Dark, funny, but not for children
There were a number of young children in the audience for the opening night of I, Malvolio at the Peacock. It was surprising, to me at least, because from what I'd heard of Tim Crouch's ground-breaking modern satire on one of Shakespeare's most cruelly unfair sequences, I hadn't thought that the material would be particularly child-friendly. (It was originally commissioned for the Brighton Festival in England, and Crouch writes in his programme note that he designed I, Malvolio with teenage audiences in mind, while the original success of the 'I' series, I, Peaseblossom was aimed at children of six and upwards.)
Anecdotally, for what it is worth, I think I was right: the children remained silent in bewilderment, while the adults were convulsed ... justifiably so.
I, Malvolio is a venomous, disturbing meditation on society and its self-delusions. It's full of abstruse metaphysical musings couched in literate English that bows not at all to contemporary 'street cred'.
There are a couple of comic 'set pieces' which require a bit of audience participation, one of them involving Crouch looping a hangman's rope around his neck and positioning two audience members, one to pull the chair from under him, the other to make sure the rope is pulled lethally taut.
That's black humour at its darkest, but in our suicide-beset society (described by Crouch as our "sad, dull, Papist, monochrome existence") its point is a viciously adult one.
He castigates his audience as "blank between your ears" and sneers at the self-congratulatory world of the self-styled "civilised" middle classes and their entertainments.
In Britain, where Shakespeare is part of society rather than being dismissed by the younger generation as pathetic and irrelevant (as is usually the case here) the basing of this kind of societal criticism on the character of Malvolio, the Puritanically joyless steward in Twelfth Night who is imprisoned, tortured, and sent almost mad as an idly cruel joke, might resound with younger audiences.
In Ireland, his 21st century incarnation seems as irrelevant to Shakespeare as it does to our youth culture.
Which is a pity, because it's as marvellous a piece of theatre as it is a nasty one.
* * * * *
The apocalyptic structure of Beckett's Endgame seems to become more intense as time passes: it may be because with the passing of the danger of nuclear holocaust (all-consuming when the play was written in 1957), we now are unable to classify the nature of apocalypse, and this ignorance somehow increases the threat from all sides.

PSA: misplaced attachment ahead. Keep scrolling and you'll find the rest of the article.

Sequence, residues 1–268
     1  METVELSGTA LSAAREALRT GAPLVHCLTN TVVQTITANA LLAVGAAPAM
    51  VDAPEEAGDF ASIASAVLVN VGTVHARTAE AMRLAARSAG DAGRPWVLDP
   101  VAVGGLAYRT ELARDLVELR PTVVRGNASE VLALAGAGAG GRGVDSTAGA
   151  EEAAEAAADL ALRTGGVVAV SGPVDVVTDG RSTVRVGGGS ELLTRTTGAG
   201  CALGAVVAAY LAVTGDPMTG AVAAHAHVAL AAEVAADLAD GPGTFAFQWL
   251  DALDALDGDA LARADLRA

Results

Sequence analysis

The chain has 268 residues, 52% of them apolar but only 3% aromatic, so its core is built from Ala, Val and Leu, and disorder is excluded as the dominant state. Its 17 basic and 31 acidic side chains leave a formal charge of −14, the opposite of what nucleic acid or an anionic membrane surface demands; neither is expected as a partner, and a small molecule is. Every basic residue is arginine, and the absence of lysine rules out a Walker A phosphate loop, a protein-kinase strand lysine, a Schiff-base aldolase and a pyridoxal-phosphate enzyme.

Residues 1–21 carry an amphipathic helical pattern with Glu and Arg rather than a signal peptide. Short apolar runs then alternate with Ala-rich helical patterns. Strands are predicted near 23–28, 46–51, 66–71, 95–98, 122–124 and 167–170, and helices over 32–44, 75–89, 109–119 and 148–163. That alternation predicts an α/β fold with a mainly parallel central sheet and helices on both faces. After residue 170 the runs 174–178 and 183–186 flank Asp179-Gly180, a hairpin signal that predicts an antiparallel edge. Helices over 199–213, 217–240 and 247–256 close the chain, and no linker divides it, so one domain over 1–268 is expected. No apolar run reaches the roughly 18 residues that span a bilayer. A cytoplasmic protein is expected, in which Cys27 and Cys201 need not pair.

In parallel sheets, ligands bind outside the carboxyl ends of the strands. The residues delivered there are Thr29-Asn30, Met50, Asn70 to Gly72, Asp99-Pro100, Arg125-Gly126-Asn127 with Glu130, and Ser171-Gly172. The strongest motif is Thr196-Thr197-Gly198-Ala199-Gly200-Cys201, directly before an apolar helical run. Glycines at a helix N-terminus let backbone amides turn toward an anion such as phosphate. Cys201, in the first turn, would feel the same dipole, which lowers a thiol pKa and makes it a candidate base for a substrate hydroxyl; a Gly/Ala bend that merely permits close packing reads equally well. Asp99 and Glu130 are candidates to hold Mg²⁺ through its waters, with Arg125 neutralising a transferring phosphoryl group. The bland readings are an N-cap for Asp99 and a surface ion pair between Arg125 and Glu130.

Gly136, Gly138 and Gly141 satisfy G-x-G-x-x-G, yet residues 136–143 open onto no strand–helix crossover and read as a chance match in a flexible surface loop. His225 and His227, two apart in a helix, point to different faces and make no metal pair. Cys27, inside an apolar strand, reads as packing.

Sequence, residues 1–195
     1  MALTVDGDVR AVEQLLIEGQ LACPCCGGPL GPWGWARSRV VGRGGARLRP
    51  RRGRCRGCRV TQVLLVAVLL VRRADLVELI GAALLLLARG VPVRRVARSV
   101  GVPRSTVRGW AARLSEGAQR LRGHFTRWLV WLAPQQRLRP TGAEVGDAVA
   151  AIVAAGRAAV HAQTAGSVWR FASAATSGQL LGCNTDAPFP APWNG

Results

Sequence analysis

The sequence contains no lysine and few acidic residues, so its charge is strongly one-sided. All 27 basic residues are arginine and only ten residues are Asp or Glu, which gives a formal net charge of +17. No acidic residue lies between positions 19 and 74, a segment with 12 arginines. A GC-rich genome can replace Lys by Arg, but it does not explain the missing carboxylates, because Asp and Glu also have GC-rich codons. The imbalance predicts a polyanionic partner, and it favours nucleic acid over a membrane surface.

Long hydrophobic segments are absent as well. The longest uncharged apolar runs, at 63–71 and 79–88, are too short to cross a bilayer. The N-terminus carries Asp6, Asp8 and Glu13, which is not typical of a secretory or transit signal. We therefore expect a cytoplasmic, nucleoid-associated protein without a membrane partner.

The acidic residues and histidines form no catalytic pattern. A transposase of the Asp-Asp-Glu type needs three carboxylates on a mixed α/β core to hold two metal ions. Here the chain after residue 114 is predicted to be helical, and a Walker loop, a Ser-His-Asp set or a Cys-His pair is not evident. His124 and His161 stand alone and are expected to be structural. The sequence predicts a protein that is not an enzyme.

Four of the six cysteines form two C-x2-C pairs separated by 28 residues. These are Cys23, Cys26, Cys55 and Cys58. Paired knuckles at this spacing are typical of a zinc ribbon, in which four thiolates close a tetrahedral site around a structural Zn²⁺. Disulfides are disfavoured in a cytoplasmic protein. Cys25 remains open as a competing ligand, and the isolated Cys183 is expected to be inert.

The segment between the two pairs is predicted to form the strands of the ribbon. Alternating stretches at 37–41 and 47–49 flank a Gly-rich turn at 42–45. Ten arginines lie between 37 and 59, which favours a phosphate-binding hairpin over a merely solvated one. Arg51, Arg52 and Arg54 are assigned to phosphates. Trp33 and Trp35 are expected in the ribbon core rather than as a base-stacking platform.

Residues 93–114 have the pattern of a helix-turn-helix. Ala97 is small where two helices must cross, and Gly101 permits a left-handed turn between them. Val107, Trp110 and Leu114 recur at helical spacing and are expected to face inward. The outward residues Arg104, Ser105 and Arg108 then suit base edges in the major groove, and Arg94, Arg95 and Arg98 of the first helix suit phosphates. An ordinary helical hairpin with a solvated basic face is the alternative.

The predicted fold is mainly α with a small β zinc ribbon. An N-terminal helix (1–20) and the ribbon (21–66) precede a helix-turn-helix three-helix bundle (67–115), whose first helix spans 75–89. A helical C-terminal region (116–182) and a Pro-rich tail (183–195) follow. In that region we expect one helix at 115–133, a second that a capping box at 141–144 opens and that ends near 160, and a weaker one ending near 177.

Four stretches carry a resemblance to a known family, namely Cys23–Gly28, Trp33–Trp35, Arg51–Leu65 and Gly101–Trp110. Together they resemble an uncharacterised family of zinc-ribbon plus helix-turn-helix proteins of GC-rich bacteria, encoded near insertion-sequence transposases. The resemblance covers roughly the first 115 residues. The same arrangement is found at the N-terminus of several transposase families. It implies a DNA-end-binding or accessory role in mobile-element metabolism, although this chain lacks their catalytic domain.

The new production from Blue Raincoat in Sligo comes down heavily on the interpretation given to the play in the past: the bare room with its two light-less windows set high above the characters is painted a scorched pink in Barry McKinney's set as though having survived a fire ball.
And Hamm's face, red in Beckett's stage directions, is accompanied by scorched red hands and bald pate. He, too, seems to have been through the fire while his grey-faced slave Clov wears ragged clothes that also seem to have been salvaged from a fire.
Niall Henry directs the piece with fierce intensity: the hopelessness comes across as a resentful choice on the part of the once-powerful Hamm, now blind and unable to walk, tied to his empty throne and watched by Nagg and Nell, the parents who live in wastebins, the stumps of their missing legs stuffed into sand, a replacement for the now non-existent sawdust of "happier" times. Clov, unable to sit, and tottering through his daily tasks of servitude, seems in this production to have actively chosen the oblivion being imposed by Hamm in a world without end that has already ended. He could leave Hamm to expire in his helplessness while Nagg and Nell expire in their separate wastelands ... no longer capable of crying, the only way Hamm knows that Nagg is still alive. But he chooses to stay among the last aspects of humanity, as wasted and ashen as the wastelands beyond the room.
When Hamm asks him "what are you doing?" as he deals with the alarm clock, the reply "Winding up" assumes a horrifying significance: winding up has several meanings, and the play ends with Clov dressed to leave, but still watching as Hamm returns to even deeper oblivion, robbed of "the gaffe or the axe" which, wielded in mercy or rage, would be a way out.
Subtle inflections of new insight are always welcome in Beckett, and this production has several: it's a fine achievement for all concerned although a little less force (more greyness) would be welcome in the playing
Ciaran McCauley is Hamm, John Carty is Clov, and Sandra O'Malley and Peter Davey are Nell and Nagg.